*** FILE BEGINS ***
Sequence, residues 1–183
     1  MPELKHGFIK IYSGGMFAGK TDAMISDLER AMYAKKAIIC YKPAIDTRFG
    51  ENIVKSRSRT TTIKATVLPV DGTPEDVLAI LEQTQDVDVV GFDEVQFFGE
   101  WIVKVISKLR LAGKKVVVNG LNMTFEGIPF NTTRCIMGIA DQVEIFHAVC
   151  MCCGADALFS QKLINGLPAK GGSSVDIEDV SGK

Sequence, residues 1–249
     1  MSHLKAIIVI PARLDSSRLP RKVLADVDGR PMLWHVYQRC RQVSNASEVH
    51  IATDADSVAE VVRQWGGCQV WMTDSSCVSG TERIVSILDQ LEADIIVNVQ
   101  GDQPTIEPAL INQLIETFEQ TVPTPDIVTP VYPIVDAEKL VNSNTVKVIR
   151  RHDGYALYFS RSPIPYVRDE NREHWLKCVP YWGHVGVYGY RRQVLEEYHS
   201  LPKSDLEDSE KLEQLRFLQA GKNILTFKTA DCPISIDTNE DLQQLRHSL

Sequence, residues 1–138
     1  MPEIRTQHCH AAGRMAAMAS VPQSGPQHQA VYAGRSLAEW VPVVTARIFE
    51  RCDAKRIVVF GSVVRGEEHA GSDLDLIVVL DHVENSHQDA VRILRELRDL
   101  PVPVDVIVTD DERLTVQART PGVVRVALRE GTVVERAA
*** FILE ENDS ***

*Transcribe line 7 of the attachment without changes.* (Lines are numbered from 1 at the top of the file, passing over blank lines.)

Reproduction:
     1  MSHLKAIIVI PARLDSSRLP RKVLADVDGR PMLWHVYQRC RQVSNASEVH